Colossal Hand and Torch
"Liberty Enlightening the World," the statue that is today more popularly known as the "Statue of Liberty," was a gift from the French to the people of the United States. The statue was to be given to the United States on the occasion of its centennial in 1876, and French sculptor Frédéric Bartholdi was commissioned to design the gift. Bartholdi originally planned for the sculpture to be completed and presented to the U.S. on July 4, 1876, in time for the centennial. However, construction was delayed and only one small part of the statue was ready for the Centennial Exposition in Philadelphia that year - the right arm and the torch. This stereograph shows attendees at the Exposition visiting the arm and torch, and they could pay to walk up to the torch's balcony.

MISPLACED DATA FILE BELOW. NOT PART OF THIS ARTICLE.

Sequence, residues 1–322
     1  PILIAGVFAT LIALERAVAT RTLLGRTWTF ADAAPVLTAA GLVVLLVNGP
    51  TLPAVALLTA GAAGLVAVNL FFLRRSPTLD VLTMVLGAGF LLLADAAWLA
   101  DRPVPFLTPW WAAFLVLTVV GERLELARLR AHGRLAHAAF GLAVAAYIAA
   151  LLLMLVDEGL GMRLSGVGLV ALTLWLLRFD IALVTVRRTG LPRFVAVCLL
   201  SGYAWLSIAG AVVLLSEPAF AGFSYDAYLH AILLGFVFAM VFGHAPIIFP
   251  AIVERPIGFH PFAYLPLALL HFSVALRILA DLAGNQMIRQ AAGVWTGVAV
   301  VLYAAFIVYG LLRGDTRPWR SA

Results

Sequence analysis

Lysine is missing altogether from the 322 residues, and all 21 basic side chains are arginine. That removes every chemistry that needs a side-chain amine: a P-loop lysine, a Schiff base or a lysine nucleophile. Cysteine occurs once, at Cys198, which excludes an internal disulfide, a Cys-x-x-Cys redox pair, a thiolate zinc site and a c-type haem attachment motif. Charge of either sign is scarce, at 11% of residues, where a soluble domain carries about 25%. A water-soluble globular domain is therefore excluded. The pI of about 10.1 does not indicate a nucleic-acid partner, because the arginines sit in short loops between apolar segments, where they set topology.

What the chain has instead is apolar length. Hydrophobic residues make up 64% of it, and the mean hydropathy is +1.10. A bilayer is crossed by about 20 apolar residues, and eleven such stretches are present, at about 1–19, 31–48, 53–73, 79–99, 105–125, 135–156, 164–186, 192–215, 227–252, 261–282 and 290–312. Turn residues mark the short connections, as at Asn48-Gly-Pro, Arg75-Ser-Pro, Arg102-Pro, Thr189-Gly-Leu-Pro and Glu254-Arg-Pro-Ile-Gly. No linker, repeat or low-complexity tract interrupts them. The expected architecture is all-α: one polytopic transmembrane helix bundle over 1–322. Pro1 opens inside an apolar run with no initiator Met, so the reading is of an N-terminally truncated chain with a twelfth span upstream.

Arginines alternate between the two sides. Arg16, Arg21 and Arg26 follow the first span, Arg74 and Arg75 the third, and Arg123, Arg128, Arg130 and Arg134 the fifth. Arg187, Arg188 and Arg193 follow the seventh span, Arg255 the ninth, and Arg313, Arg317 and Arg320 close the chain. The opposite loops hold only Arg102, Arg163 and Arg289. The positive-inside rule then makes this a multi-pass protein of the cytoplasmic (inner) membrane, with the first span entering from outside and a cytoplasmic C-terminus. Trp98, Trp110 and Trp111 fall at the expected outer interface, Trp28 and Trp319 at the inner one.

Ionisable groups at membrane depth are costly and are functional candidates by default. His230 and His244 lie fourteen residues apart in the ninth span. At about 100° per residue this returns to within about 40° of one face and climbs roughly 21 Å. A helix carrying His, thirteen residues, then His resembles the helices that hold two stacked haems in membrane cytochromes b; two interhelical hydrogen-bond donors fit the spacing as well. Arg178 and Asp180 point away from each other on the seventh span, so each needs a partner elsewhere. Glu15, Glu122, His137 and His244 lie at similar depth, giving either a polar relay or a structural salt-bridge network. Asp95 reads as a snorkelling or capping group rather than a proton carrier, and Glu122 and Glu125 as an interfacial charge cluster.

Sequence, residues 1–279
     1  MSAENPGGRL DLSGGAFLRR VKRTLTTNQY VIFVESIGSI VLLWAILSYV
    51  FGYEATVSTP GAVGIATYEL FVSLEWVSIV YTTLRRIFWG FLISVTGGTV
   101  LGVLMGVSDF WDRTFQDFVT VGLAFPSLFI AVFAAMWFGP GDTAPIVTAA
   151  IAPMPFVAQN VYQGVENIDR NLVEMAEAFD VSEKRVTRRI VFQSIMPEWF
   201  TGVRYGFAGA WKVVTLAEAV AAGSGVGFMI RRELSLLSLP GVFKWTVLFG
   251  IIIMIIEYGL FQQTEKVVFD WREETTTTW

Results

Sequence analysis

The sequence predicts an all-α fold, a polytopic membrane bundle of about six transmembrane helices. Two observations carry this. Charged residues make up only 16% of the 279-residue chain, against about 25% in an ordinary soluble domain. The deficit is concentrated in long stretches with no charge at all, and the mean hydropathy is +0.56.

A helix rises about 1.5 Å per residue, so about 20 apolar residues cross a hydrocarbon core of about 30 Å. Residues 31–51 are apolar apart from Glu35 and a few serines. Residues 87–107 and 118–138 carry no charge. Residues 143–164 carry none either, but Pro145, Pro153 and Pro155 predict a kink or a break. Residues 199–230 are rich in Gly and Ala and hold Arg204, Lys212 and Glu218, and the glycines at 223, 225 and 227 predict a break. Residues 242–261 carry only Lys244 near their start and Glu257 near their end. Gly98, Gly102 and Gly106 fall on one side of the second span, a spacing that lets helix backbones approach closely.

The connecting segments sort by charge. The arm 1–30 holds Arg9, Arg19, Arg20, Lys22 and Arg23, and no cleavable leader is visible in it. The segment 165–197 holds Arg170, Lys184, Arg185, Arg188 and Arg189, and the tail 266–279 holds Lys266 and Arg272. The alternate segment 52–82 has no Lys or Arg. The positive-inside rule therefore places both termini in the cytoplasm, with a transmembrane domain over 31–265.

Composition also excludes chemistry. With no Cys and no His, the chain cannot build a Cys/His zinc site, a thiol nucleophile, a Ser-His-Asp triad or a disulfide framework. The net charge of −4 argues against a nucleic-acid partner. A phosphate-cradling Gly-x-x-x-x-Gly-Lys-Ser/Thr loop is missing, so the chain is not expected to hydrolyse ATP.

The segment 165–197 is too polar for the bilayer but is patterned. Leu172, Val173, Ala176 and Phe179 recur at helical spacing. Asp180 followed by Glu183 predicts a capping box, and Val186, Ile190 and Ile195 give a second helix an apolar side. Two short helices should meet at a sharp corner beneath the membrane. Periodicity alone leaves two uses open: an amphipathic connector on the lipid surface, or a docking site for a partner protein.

Stereographs, an early form of three-dimensional photograph, were a popular form of education and entertainment in the latter part of the nineteenth century. The stereograph, otherwise known as the stereogram, stereoptican, or stereo view, was the nineteenth-century predecessor of the Polaroid, with an imaginative flair. Two almost identical photographs were placed side by side on a piece of cardboard. These images were meant to be viewed with a stereoscope, an instrument attributed to Oliver Wendell Holmes circa 1859. Stereography immediately became a commercial success. Stereographs crossed class lines, affordable to rich and poor alike, so these images had a very large audience.